The Windward Passage (French: Passage au Vent; Spanish: Paso de los Vientos) is a strait in the Caribbean Sea, between the islands of Cuba and Hispaniola. The strait specifically lies between the easternmost region of Cuba and the northwest of Haiti. 80 km (50 mi) wide, the Windward Passage has a threshold depth of 1,700 m (5,600 ft).
With Navassa Island on its southern approach, it connects the Atlantic Ocean to the Caribbean Sea, and is in the direct path of shipping between the Panama Canal and the eastern seaboard of the United States.
For decades, Cuba and Haiti had disputes over where the maritime boundary between the two nations was. In 1977, they settled by signing the Cuba–Haiti Maritime Boundary Agreement setting the official boundary.
The Septentrional-Oriente fault zone passes through the Windward Passage from the southern coast of Cuba to the northern coast of Hispaniola. During the Holocene the slip rate between these two islands was 9 ± 3 mm (0.35 ± 0.12 in)/year. The Septentrional Fault extends east at least to the still active Mona Rift in the Mona Passage, where extension occurs between Hispaniola and Puerto Rico.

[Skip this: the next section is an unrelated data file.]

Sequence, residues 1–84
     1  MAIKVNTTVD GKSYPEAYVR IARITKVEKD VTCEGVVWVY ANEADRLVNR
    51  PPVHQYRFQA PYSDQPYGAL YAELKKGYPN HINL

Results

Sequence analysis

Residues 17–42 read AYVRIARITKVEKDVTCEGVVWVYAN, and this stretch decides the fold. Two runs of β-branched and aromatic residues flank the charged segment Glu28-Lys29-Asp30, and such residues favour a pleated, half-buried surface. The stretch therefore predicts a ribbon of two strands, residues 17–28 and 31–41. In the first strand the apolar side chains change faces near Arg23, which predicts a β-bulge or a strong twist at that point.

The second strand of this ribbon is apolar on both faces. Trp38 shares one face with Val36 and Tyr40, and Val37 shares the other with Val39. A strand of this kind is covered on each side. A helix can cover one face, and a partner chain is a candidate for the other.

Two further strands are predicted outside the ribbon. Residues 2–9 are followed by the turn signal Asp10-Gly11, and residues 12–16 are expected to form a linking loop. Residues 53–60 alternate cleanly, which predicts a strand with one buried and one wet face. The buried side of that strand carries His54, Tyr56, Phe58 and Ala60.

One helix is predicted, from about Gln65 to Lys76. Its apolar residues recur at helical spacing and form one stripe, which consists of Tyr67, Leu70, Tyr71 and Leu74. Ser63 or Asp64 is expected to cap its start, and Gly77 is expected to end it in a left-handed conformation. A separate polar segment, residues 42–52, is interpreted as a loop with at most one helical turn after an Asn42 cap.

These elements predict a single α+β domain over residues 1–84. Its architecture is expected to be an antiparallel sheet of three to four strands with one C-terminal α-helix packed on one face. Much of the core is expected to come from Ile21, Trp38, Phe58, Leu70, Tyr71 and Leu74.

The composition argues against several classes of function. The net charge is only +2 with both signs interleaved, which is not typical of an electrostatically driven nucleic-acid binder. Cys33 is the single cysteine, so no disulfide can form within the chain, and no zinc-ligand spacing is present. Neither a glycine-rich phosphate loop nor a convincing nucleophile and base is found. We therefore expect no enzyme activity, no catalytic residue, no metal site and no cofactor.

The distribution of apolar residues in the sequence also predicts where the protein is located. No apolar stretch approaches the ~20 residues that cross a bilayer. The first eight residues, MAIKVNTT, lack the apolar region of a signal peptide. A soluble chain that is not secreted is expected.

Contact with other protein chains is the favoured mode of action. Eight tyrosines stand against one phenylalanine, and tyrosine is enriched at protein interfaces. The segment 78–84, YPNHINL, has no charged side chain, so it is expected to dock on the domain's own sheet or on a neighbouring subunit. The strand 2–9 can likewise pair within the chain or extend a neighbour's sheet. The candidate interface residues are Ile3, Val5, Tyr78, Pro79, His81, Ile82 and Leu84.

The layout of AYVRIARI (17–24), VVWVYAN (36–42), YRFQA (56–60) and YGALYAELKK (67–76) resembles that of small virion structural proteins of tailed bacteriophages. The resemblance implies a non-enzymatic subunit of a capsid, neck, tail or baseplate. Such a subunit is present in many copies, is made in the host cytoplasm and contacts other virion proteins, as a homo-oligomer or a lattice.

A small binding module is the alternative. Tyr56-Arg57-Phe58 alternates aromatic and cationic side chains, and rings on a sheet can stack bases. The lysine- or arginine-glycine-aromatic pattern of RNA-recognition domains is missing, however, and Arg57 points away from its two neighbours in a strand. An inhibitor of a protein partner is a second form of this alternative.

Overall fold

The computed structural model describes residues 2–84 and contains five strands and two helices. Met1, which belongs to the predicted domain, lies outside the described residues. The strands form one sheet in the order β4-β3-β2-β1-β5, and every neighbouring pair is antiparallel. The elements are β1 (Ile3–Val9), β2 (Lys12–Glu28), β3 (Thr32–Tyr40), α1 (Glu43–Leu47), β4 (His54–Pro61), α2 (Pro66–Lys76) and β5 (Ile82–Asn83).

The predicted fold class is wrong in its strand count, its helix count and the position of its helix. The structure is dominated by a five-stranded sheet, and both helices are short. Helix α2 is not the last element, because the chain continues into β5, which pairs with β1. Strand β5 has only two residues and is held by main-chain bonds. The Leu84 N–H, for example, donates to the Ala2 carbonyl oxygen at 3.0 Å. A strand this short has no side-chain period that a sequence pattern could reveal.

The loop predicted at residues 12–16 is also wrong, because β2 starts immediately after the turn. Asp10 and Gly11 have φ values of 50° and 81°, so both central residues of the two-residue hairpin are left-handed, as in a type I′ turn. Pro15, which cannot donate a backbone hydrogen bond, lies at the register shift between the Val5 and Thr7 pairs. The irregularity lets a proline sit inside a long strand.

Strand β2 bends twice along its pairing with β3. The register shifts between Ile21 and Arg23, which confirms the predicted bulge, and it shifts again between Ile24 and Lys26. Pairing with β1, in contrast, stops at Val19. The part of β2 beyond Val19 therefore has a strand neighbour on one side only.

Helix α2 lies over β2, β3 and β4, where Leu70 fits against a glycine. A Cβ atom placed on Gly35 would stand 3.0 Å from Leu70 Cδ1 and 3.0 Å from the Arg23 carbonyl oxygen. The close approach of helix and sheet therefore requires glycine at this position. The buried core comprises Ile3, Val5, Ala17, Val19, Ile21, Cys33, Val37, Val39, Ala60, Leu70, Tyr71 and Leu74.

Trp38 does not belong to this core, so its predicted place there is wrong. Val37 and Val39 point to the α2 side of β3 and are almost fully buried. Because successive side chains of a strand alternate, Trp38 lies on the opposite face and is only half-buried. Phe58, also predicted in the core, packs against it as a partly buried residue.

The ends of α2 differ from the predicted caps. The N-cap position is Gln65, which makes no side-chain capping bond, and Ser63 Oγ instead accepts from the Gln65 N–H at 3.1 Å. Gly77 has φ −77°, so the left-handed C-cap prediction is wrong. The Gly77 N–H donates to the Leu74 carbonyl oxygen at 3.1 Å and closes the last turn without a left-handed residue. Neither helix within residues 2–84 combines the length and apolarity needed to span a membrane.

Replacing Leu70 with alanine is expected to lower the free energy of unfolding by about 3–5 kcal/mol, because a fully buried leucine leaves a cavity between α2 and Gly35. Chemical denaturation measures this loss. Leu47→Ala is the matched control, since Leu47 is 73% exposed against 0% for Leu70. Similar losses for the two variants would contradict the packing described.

- Riley, Shannon Rose (2006). Imagi-Nations in black and white: Cuba, Haiti, and the performance of difference in United States national projects, 1898–1940 (Thesis). University of California, Davis. p. 50. OCLC 191680434. Archived from the original on March 23, 2012.
- Lapidus, Benjamin L. "Stirring the Ajiaco: Changüí, Son, and the Haitian Connection." In Cuban Counterpoints: The Legacy of Fernando Ortiz, edited by Mauricio A. Font and Alfonso W. Quiroz, 237-45. Lanham: Lexington Books, 2005.
- Symithe, S.; Calais, E.; Chabalier, J. B.; Robertson, R.; Higgins, M. (2015). "Current block motions and strain accumulation on active faults in the Caribbean" (PDF). Journal of Geophysical Research: Solid Earth. 120 (5). doi:10.1002/2014JB011779. Retrieved August 2015. Check date values in:
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